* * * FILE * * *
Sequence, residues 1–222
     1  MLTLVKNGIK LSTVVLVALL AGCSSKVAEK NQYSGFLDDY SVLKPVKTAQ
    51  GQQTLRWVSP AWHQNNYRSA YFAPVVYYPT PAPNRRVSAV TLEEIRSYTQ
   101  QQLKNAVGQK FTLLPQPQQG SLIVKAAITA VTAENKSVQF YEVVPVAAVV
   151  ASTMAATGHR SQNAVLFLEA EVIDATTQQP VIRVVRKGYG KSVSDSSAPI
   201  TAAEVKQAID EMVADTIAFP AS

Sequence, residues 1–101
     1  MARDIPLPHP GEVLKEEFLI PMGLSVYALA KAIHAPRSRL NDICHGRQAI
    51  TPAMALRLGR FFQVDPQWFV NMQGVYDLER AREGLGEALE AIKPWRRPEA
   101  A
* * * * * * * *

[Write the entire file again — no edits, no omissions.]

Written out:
Sequence, residues 1–222
     1  MLTLVKNGIK LSTVVLVALL AGCSSKVAEK NQYSGFLDDY SVLKPVKTAQ
    51  GQQTLRWVSP AWHQNNYRSA YFAPVVYYPT PAPNRRVSAV TLEEIRSYTQ
   101  QQLKNAVGQK FTLLPQPQQG SLIVKAAITA VTAENKSVQF YEVVPVAAVV
   151  ASTMAATGHR SQNAVLFLEA EVIDATTQQP VIRVVRKGYG KSVSDSSAPI
   201  TAAEVKQAID EMVADTIAFP AS

Sequence, residues 1–101
     1  MARDIPLPHP GEVLKEEFLI PMGLSVYALA KAIHAPRSRL NDICHGRQAI
    51  TPAMALRLGR FFQVDPQWFV NMQGVYDLER AREGLGEALE AIKPWRRPEA
   101  A